The NHS, Centre for Data Ethics, and Nuffield Council have put together a code of conduct for AI use in health care.

My question is whether item 7 as follows is possible and in what ways might it be:

7.1 Demonstrate the learning methodology of the algorithm being built.

7.2 Aim to show in a clear and transparent way how outcomes are validated.

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    $\begingroup$ By possible you mean Aim to show in a clear and transparent way how outcomes are validated.? $\endgroup$ – DuttaA Feb 20 '19 at 10:17
  • $\begingroup$ indeed. How to show how things are validated in a clear way... Or I guess: if we do show then maybe this showing will demonstrate how insufficient this probably is to validate proper use of the algorithm $\endgroup$ – benbyford Feb 20 '19 at 11:08

The Artificial Intelligence Code of conduct of the UK NHS was written for practical purpose. It defines, what hardware and software in the wild have to do and what not. The idea is to improve the workflow in the hospitals and make healthcare better. To interpret it right, we have to take a look at the gap between healthcare in reality and healthcare in AI research. In reality, no kind of Artificial Intelligence is used. Most hospitals have only a small amount of computers. The reason is, that all the new technology developed in universities can't be adapted to practical usage. That means, on the one hand, the current research has developed medical nanorobots, and at the same time real hospitals are using Windows XP plus MS-Word for writing their letters and print them out on paper.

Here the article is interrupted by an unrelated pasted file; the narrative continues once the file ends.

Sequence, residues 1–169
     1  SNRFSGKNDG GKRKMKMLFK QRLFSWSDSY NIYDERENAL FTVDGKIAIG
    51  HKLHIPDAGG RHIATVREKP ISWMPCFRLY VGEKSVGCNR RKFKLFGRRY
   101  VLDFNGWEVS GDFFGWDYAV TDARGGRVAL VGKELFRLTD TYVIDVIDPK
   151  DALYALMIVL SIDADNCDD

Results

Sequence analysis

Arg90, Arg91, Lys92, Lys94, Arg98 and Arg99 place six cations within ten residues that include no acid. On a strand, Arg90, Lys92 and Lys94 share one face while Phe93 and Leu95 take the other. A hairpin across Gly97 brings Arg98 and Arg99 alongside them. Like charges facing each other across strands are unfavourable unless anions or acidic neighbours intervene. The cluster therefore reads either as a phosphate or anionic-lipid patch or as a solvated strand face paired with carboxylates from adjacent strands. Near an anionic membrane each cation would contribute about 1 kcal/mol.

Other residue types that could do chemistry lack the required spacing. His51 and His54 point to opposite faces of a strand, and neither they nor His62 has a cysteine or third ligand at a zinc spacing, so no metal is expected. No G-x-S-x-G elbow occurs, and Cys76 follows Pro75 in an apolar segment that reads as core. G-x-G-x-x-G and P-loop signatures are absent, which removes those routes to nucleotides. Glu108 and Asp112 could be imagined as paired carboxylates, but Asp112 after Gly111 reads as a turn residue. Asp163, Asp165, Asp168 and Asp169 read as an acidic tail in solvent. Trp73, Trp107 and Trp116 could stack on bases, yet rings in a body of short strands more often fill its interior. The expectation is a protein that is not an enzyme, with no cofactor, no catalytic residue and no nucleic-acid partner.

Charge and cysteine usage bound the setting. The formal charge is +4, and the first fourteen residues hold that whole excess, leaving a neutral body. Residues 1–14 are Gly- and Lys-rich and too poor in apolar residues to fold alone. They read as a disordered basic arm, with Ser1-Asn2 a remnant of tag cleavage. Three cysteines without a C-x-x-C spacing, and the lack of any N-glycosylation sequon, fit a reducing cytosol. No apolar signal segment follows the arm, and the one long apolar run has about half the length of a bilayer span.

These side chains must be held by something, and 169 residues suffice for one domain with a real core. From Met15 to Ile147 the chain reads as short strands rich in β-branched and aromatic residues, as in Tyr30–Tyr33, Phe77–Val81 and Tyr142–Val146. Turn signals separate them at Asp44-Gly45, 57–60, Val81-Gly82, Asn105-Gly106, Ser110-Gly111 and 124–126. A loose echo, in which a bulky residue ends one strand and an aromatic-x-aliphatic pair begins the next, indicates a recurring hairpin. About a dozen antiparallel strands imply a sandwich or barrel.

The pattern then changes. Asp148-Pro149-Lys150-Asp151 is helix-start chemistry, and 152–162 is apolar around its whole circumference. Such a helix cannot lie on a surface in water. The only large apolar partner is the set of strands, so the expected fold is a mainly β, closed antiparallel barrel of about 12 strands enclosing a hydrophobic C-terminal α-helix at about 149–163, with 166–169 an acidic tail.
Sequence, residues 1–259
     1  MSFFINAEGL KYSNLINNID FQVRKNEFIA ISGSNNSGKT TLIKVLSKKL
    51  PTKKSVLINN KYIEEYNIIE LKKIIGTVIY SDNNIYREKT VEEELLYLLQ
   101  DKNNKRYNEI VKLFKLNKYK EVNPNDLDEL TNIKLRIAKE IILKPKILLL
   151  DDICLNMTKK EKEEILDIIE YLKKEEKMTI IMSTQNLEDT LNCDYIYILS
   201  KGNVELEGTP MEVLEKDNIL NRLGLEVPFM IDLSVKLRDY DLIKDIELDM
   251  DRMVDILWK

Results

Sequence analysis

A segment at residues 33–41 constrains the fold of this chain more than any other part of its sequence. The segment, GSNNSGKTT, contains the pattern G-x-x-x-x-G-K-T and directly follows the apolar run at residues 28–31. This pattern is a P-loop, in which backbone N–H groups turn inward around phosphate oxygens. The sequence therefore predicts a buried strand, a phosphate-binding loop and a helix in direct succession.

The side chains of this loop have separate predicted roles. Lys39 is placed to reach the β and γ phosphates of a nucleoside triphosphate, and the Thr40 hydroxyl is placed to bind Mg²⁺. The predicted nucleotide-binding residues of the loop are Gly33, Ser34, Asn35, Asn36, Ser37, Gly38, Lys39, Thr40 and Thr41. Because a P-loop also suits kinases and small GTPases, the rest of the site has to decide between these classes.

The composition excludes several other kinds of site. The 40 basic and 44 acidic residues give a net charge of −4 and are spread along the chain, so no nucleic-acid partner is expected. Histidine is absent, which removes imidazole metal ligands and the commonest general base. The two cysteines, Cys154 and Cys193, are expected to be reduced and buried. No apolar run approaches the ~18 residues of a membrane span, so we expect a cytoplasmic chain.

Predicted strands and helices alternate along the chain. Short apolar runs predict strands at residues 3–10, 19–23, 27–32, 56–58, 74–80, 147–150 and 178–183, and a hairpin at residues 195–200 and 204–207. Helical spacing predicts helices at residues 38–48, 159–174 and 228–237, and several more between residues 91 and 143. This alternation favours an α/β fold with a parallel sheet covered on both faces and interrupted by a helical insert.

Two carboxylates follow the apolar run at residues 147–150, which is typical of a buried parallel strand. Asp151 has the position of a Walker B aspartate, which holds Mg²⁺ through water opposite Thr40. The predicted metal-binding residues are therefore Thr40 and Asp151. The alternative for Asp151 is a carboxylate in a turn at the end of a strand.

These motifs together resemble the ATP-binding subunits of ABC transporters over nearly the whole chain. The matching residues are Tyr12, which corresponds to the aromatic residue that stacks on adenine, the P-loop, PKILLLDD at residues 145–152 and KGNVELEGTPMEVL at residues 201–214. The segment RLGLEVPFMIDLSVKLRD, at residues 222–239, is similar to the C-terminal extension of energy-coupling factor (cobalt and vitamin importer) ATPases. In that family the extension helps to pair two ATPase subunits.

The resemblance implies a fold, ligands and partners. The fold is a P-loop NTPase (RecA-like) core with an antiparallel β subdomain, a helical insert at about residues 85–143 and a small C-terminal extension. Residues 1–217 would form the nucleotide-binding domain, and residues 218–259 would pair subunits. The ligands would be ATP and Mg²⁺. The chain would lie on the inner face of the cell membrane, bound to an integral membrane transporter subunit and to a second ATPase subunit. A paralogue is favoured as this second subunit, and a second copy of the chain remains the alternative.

The probability is high, that the gap between AI in research and AI in real hospital will increase in the future. And if in reality no advanced technology is used, it is easy to regulate it and lower the risks. In real healthcare system there are no kind of algorithms available. Robotics and big data is located outside of hospitals. To answer the question direct: yes it is possible to fulfill the code of conduct of the NHS. Because the danger of technology which isn't available is low. If no robot is used for treating patients, the robot won't hurt them. And if the hospital has no database with all the personal healthcare data of the patient, the database can't get lost during a hacker attack.

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